One small aside tidbit: As I was leaving I spied a vendor that had five or six 2011 American Eagle five coin sets in original boxes. He had them at $665 for each set complete with box and documentation. That was considerably lower than last year when the sets were a have to item at $700 to $800/set. It just shows how must have items stabilize after the “knee jerk” reaction; $665 is still a far cry from the Mint sale price but lower by a significant amount. So, we always need to be cautious about our purchases. Buyer beware!
My 2013 visit was great and I cannot wait to return in 2014. What will I see, who will I talk to and what will I add to my modest collection? And will next year be another anniversary (of a different nature) to be celebrated? I will let you know.
NN, keep up the great effort for us all.
Glen McClary
Satellite Beach, Fla.

Expand roll offerings for each denomination
As a small time collector, I’ve always wanted to purchase rolls of each coin separately. They offer a slue of different varieties but not rolls of pennies, nickels, dimes and so on. Why doesn’t the government offer all denomination in “P,” “D,” “S” and “W” in clad and silver versions also? They can use existing dies to produce them. Also it would greatly help the small silver collectors for other coins not offered at this time. It would generate billions of dollars in sales for Uncle Sam.
Myself, I’d love to order a roll each of the dimes and half dollars in “P,” “D,” “S” and “W” in silver. The possibilities are endless. Just the four rolls of dimes and halves in silver would be about $2,000. Also, they could be sold in uncirculated and proofs also. I estimate the sales would draw all their other sales combined.
Patrick Slaughter
Iron River, Mich.

Advertisers isolate would-be buyers with online emphasis
Hello! I am writing you this letter with twofold intent. First I want to thank you for the fine publication you continue to publish. I read every issue cover to cover. Again, thank you.
Next I would like to share some suggestions I have. Whether this society realizes it or not, there is a rather large segment of the population that vehemently abhors the electronic media. It is not my intent to sound churlish on this matter, but I am truly tired of not being able to contact people at a bricks and mortar location. Understand, this is not an “old person’s” aversion to electronic technology. I am very computer literate and savvy. I know, use and understand this technology and use it daily. Enough!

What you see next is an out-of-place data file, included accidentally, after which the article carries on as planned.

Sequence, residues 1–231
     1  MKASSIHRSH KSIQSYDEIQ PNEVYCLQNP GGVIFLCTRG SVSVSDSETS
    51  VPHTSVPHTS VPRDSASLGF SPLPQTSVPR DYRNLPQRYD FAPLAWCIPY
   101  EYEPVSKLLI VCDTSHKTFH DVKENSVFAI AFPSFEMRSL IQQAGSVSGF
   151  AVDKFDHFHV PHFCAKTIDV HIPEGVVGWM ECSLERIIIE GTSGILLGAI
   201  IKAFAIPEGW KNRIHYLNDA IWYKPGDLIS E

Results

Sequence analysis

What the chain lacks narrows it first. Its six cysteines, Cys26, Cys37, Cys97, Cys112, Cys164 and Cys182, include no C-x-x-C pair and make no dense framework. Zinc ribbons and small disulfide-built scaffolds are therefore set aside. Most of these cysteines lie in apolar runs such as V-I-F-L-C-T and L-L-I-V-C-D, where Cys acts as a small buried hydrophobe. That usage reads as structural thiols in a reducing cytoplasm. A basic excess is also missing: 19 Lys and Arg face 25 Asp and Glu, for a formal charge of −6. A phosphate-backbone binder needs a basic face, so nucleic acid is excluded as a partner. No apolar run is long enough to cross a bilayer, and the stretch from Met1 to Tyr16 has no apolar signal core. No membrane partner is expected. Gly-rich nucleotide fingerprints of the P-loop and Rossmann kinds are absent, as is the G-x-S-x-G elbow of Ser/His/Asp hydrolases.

Anyway, I have not been conveniently able to be parted from dollars I have to spend with advertisers in your magazine. Several times I have not been able to purchase items that I most certainly would have if an address or a phone number had been made available.
Also ads in cyberspace do people like me absolutely no good. And apparently some advertisers do not answer responses or are tardy in doing so. What ever happened to free printed ads? Seems to me that much ad space is dedicated to wholesale commodities at maximum retail prices, resulting in phenomenal filler.
Anyway, I understand there is little to be accomplished by condemning these businesses, but perhaps encouraging more inclusive communication opportunities would be beneficial?
Hilton Helback
Hope, Kan.

Reader’s circulated quarter grade doesn’t add up
With all due respect to David Smith’s article on finding an MS-65 El Yunque quarter from circulation – well, David, if you found it from circulation then the highest grade it could be would be an AU-58 since Mint State means uncirculated. Having said that, I agree with you that it is indeed a beautiful coin. I bought the 5-ounce coin.
Joseph Reakes
Scranton, Pa.
Editor’s Note: A Mint State grade is a measure of wear. It is not an assertion that it was never in the circulation pipeline.

Government is getting coin design right, kind of
I am pleased to read that the United States is on the right track where coinage redesign is concerned. They coyote-turkey-turtle dollar coin is a knockout and could set the standard for future coinage redesign. The gear lady standing on a cliff with the wind blowing on the platinum coin makes my heart leap for joy! The CCAC wants to reintroduce Liberty coins. We know that we have creative artists in the Saint-Gaudens caliber if only they would be allowed to work.
Yet the program is sadly flawed. The gear lady is only on the platinum coins. The coyote-turkey-turtle dollar needs to be widely released in circulation so school kids enjoy them just like we did with the excitement I experienced in 1964 when the Kennedy half dollar was released.
The CCAC wants Liberty designs for the denominations but only wants them for one year and to retain the presidents forever. One year the cent, next year the nickel, so forth. The cent and half shouldn’t be around then anyway, so why even suggest such a nonsensical idea? Besides, we have all the presidents on the dollar coin anyway. We don’t need them on small change. If we want presidents, encourage the dollar coin to circulate by eliminating the paper, so we could have presidents on the dollar and Liberty on the other coins.
The government is trying to come up with good ideas but somehow botches the method they are implementing. We need to remedy the situation. Let’s get collector feedback in your paper. I heard the Mint reads all the editorials so have questions on this. It’s time we move. We had enough time sitting in the pasture.
Bob Olekson
Parma, Ohio